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Waiting on lawmakers, Anchorage School District will send layoff notices to 200 teachers

  • Author: Tegan Hanlon
  • Updated: December 2, 2017
  • Published May 12, 2017

Anchorage School District employees Todd Hess, chief human resources officer, left, and Susan Schmidt, senior director of staff and operations, answer questions at the district headquarters. (Marc Lester / Alaska Dispatch News)

The Anchorage School District announced Friday that it planned to lay off about 200 teachers as it grappled with budget uncertainty and faced a deadline in state law for handing out pink slips.

"With the uncertainty that the school district is facing with funding, we have to be prepared to meet our financial obligations," Todd Hess, district chief human resources officer, said in an interview with reporters Friday.

The number of teachers who get rehired depends on the budget passed by the Alaska Legislature. Lawmakers have blown past their 90-day deadline and have yet to agree on a state fiscal plan or education funding, with the House proposing flat funding for public schools and the Senate proposing a nearly 6 percent cut.

That means the Anchorage School District could face anywhere from about a $15 million to a $42 million budget gap next school year, the superintendent has said.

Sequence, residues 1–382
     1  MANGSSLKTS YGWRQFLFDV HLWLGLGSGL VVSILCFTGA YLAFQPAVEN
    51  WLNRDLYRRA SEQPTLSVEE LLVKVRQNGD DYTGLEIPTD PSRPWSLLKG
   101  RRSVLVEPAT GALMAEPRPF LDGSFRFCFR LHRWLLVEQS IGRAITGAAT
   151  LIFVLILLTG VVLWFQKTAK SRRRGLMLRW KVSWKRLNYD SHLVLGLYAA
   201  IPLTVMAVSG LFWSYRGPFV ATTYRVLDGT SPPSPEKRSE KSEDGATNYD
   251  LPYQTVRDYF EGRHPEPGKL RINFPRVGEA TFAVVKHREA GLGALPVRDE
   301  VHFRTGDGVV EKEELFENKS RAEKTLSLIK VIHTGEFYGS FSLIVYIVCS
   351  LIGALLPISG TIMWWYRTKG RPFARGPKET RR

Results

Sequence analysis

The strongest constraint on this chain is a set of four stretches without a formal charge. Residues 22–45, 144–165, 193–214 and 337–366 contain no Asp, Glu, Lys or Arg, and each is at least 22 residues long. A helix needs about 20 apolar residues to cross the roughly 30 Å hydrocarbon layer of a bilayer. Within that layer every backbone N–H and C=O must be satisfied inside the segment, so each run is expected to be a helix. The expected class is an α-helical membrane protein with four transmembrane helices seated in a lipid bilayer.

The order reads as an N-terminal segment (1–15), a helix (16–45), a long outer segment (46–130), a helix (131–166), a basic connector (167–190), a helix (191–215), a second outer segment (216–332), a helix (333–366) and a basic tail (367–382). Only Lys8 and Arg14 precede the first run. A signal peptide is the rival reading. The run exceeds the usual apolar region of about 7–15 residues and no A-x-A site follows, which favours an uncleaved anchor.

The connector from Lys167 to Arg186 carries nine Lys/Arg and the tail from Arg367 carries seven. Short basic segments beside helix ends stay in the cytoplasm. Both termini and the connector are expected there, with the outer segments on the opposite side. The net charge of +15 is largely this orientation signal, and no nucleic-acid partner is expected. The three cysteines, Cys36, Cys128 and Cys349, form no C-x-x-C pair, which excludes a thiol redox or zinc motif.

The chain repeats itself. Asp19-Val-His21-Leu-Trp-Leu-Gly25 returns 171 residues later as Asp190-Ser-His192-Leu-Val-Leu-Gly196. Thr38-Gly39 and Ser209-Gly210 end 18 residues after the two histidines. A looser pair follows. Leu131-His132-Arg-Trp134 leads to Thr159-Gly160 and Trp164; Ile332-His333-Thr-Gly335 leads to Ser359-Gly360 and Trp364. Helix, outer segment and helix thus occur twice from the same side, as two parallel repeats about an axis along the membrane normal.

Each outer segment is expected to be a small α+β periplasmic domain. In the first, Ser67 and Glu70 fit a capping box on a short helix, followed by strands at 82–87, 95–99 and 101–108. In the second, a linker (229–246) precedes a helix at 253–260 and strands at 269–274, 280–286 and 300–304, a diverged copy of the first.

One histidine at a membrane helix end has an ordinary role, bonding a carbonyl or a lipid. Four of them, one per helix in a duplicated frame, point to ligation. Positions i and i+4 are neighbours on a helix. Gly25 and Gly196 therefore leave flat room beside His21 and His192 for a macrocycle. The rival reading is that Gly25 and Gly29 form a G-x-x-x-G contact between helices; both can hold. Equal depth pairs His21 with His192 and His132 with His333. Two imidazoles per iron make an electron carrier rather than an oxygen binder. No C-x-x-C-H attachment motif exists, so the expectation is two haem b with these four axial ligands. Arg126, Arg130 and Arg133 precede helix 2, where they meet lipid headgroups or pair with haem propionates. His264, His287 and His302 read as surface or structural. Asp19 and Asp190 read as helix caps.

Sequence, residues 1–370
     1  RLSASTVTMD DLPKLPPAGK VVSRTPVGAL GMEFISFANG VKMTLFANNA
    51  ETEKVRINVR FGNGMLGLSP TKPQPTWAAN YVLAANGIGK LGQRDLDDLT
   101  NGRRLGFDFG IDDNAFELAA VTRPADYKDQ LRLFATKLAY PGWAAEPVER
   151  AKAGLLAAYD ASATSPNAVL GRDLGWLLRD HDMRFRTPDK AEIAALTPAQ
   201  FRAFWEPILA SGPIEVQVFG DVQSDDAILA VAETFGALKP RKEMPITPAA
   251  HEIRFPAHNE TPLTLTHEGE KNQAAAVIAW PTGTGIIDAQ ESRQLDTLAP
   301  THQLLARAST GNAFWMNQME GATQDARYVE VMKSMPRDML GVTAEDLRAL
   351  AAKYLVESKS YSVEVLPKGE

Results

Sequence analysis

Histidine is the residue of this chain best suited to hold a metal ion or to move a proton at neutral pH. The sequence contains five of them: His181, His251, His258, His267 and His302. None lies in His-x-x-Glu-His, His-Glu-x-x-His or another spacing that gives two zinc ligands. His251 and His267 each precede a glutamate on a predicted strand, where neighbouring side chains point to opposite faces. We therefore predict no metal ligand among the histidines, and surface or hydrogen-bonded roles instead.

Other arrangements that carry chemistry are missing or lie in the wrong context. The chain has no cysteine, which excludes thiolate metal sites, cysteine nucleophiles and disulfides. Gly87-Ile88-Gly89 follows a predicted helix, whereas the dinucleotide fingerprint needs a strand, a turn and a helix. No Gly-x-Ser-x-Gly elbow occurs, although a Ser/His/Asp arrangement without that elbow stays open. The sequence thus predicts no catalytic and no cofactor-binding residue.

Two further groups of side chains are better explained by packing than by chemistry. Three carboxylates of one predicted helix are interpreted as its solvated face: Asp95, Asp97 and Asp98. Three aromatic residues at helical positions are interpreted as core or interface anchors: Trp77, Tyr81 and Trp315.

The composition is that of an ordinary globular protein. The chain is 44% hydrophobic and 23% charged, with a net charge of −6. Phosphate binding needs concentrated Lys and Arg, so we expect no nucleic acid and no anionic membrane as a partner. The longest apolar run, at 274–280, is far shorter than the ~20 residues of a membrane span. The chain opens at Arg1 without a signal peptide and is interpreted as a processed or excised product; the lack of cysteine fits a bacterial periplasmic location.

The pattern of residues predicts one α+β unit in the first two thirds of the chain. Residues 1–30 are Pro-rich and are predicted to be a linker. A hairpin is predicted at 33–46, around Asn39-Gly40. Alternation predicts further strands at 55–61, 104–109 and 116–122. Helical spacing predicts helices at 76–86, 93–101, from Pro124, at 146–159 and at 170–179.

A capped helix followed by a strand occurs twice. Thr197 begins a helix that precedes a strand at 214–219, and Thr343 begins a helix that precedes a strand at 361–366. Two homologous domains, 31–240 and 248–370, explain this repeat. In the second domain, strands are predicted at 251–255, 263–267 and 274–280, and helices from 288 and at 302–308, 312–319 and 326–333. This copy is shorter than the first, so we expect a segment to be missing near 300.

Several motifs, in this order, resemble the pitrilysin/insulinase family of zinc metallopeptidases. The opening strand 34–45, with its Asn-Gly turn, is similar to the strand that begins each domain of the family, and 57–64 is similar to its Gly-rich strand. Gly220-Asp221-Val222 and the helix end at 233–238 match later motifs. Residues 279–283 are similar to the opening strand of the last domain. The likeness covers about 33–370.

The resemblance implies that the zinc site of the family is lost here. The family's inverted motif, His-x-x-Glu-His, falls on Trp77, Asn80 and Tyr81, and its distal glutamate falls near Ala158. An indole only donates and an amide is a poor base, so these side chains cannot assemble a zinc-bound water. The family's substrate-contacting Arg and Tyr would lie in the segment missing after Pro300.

If the school district received the same amount of money next year as it did this year, it would still have to cut 123 full-time staff, including 99 teachers. And if lawmakers went with the Senate proposal, the district would need to eliminate at least an additional 200 positions, said Heidi Embley, school district spokeswoman.

State law requires school districts notify tenured teachers of layoffs by May 15 and nontenured teachers by the last day of school, which is in less than two weeks.

Hess said he was frustrated that school districts had to meet layoff deadlines without a state budget, forcing districts to pre-emptively issue pink slips to prepare for the deepest possible cuts.

"It doesn't make a lot of sense the way the state of Alaska has structured things," he said. Hiring and training new teachers is costly, he said, and the process of determining layoffs also takes time and resources.

Hess said the district issued layoff notices to five tenured teachers Friday. It expects to issue the remaining 200 pink slips to nontenured teachers by May 25. Those pink slips will primarily go to first-year teachers, he said.

"The thing that's most disturbing to me is that we have a large number of qualified, confident, dedicated employees that we're going to be telling here in a few days that they're going to be out of work through no fault of their own," Hess said.

This school year, the district employed about 3,400 teachers. On average, about 200 of the district's teachers resign or retire each year.

The announcement of 200 pink slips led to uncertainty and worry among district teachers. Brinna Wojtalewicz, president of Anchorage Education Association teachers union, said in an interview Thursday that she had received numerous phone calls and emails this week from teachers worried over whether or not they should expect a layoff notice.

"There's a ton of angst, at least among the first- and second-year teachers," she said.